Sex and Pay in the Federal Government: Using Job Evaluation Systems to Implement Comparable Worth

Sex and Pay in the Federal Government: Using Job Evaluation Systems to Implement Comparable Worth

Sex and Pay in the Federal Government: Using Job Evaluation Systems to Implement Comparable Worth

Sex and Pay in the Federal Government: Using Job Evaluation Systems to Implement Comparable Worth

Synopsis

Tables Figures Acknowledgments Introduction Theories of Occupational Segregation and the Wage Gap Current Legal and Legislative Issues Historical Development of the Federal Government's Job Classification System The Statistical Data Used to Review the Factor Evaluation System Examining the Process Used to Develop the Factor Evaluation System Is the New FES System More Favorable to Women Than the Old Narrative System? Does Changing the Weights for Factors Alter the Pay Relationship Between Men and Women? Examining How Job Content is Operationally Defined in Three Job Evaluation Systems Summary and Recommendations Appendices Selected Bibliography Index

Excerpt

It has long been understood that there are substantial earnings differentials between men and women in the United States. For example, Nancy Rytina reported in a 1982 Monthly Labor Review article that "for men working full-time, the median weekly earnings in 1981 were 347 dollars. For women the median was 224 dollars or 65 percent that of men." She also notes that this ratio was only slightly higher than the 1967 figure of 62 percent.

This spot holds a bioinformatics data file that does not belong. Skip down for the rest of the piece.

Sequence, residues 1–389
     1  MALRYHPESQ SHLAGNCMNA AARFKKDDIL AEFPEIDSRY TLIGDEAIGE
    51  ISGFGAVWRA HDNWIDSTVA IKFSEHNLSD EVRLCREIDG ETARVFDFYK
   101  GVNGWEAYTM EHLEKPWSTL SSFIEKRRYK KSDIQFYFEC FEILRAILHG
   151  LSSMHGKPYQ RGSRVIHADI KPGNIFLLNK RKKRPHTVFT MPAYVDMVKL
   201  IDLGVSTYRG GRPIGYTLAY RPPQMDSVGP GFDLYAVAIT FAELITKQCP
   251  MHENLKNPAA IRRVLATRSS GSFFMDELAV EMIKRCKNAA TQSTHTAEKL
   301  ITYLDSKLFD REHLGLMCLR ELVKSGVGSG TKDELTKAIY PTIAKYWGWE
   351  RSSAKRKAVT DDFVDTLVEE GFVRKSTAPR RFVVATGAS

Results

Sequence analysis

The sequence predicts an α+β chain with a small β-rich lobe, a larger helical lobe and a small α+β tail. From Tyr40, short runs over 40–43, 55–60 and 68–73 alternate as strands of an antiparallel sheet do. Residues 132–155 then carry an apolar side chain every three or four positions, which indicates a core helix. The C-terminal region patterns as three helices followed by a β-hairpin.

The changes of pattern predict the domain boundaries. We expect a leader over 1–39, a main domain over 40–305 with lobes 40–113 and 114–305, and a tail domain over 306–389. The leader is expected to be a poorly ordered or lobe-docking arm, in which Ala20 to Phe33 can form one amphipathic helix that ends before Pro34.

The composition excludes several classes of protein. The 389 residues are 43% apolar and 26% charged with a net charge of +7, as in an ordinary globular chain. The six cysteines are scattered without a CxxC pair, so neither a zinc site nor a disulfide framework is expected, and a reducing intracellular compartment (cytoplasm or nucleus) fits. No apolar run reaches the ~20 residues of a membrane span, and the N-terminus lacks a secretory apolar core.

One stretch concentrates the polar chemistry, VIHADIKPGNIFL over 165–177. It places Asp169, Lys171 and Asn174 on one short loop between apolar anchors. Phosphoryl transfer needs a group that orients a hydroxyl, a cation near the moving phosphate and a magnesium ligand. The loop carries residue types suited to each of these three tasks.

Numerous studies (see Bergmann, 1973; Blau and Jusenius, 1976; Blumberg, 1980; Braverman, 1974; Fuchs, 1971; Reich et al., 1980) have explored occupational segregation by sex in an attempt to explain differences in earnings by sex, in the United States and elsewhere. In an extended analysis of the sex-based division of labor from 1900 to 1960, Edward Gross (1968) found that over this sixty-year period, two of every three women workers would have to change occupations in order to obtain full equality with males in the occupational distribution. Gross also observed that the "Index of Sexual Segregation" had not changed over the years, despite major social changes. Valerie Oppenheimer (1970), in reviewing the same period of time, 1900-1960, estimated that more than half of the women employed were in occupations in which at least two thirds of the work force were female. Louise Kappe Howe cites Stuart H. Garfinkel 1975 Monthly Labor Review article stating that "between 1962 and 1974 the number of employed women increased by 10 million or about 45 percent and . . .

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